The first UN Development Decade was launched by the General Assembly in December 1961. It called on all member states to intensify their efforts to mobilize support for measures required to accelerate progress toward self-sustaining economic growth and social advancement in the developing countries. With each developing country setting its own target, the objective would be a minimum annual growth rate of 5% in aggregate national income by the end of the decade.
The economically advanced states were asked to pursue policies designed to enable the developing countries to sell more of their products at stable and remunerative prices in expanding markets in order to finance more of their economic development, and to follow policies designed to ensure developing countries an equitable share of earnings from extraction and marketing of their natural resources by foreign capital. Industrialized states were also called on to pursue policies that would lead to an increase in the flow of developmental resources and stimulate the flow of private capital to developing countries on mutually acceptable terms. The General Assembly recommended that the flow of international capital and assistance to developing countries should be about 1% of the combined national incomes of the economically advanced countries.
Throughout the decade of the 1960s, however, the growth rate in the economically advanced market economies accelerated, and the gap between the per capita incomes of the developing countries and those of the developed countries widened. Two-thirds of the world's population living in the less developed regions of the world still had less than one-sixth of the world's income. In 1962, annual per capita income in those regions averaged $136, while that of the economically advanced market economies in North America and Western Europe averaged $2,845 and $1,033, respectively.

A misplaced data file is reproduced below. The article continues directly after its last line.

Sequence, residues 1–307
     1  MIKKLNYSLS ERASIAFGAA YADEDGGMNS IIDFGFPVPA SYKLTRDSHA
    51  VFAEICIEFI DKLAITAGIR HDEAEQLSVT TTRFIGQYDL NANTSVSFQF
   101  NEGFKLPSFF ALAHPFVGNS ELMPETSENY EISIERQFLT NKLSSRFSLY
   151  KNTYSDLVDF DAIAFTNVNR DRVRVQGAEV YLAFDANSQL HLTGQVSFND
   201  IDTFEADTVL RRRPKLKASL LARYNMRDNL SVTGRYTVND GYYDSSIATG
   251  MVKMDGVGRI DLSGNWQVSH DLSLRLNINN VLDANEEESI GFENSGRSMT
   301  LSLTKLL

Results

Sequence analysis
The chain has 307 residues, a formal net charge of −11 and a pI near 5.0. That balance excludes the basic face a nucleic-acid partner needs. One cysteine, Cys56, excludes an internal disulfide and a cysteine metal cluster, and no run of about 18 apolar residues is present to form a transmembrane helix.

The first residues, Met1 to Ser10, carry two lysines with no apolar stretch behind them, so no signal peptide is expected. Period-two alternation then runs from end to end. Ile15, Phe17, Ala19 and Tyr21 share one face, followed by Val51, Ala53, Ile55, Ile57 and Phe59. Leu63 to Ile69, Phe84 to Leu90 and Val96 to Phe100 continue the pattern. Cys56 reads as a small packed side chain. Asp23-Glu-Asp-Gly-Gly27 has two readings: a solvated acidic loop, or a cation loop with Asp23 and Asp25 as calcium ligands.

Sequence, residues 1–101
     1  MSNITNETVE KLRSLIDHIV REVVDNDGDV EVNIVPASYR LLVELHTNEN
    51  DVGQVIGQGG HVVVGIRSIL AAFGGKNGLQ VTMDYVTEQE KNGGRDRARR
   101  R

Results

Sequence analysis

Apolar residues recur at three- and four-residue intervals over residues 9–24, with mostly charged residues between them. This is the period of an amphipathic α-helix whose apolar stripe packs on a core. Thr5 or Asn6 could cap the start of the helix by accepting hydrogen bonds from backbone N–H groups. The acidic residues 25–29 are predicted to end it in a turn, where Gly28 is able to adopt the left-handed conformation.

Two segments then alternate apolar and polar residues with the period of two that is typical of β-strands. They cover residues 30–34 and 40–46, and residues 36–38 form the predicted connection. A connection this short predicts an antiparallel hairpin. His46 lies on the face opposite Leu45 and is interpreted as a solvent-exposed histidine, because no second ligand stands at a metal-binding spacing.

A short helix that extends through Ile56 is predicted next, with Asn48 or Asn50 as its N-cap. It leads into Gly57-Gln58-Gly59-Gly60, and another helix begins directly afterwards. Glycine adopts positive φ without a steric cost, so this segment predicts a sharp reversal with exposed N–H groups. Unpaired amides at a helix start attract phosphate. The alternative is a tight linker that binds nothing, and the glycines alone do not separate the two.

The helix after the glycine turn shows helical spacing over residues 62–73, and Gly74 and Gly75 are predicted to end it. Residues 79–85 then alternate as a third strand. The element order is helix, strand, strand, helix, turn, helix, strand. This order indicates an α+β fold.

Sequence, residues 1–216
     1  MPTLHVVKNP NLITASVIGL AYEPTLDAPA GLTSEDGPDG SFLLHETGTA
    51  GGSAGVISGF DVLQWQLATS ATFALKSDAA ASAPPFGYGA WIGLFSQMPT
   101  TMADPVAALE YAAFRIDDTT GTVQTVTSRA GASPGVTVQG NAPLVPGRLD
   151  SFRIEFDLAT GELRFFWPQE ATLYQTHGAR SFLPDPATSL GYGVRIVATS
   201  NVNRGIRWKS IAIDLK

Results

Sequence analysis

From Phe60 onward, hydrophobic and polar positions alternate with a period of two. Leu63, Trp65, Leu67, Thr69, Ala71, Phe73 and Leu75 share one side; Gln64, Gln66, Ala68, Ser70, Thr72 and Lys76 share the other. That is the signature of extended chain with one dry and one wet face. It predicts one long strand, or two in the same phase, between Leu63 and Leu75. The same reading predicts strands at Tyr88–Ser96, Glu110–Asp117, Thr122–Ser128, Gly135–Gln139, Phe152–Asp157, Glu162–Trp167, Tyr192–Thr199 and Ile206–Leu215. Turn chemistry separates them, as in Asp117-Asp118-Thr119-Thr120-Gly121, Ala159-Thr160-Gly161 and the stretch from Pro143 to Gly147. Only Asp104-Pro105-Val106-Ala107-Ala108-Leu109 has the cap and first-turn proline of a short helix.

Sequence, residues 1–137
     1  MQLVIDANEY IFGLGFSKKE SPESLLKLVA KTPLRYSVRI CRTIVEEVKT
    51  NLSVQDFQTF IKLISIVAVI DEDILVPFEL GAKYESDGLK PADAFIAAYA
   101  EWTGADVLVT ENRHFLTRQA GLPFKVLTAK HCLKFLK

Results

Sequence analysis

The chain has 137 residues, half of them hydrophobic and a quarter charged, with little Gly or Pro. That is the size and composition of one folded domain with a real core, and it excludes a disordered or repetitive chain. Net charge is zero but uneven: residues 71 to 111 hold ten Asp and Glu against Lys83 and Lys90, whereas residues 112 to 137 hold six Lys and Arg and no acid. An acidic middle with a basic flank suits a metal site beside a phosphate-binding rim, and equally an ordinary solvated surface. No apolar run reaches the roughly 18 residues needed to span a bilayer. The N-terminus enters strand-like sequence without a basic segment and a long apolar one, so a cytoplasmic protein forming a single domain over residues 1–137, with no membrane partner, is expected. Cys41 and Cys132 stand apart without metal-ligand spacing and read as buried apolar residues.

In a report issued in 1969, Secretary-General U Thant noted that the slower progress in development had been accompanied by the emergence or aggravation of major imbalances that imperiled future growth. Without greater progress in food production and the more effective control of communicable diseases, the necessary conditions for steady economic and social development could hardly be said to have been created. At the same time, the Secretary-General pointed out, the experience of a few countries had demonstrated that "given a favorable constellation of circumstances and policies, an adequate and sustained pace of development can be achieved," and acceptance of development as a fundamental objective had gradually wrought a desirable change in attitudes and modes of action on the part of developing countries. Public decisions were no longer made solely in response to expediency, and policies and programs previously decided upon in relative isolation were gradually being integrated and harnessed to a common purpose. At the international level, the Secretary-General noted, the institutional machinery for the review and advancement of international policies had been considerably strengthened by the creation of such bodies as the UN Conference on Trade and Development and the Committee for Development Planning.
The first UN Development Decade ended in December 1970 with one of its major goals, the attainment of a 5% growth rate, unattained in the developing countries. During the period 1960–67, those countries achieved an annual rate of increase in their total domestic product of about 4.6%, but, because of the population increase, the increase in their per capita gross product was only about 2%. The General Assembly concluded that one of the reasons for the slow progress was the absence of a framework of international development strategy.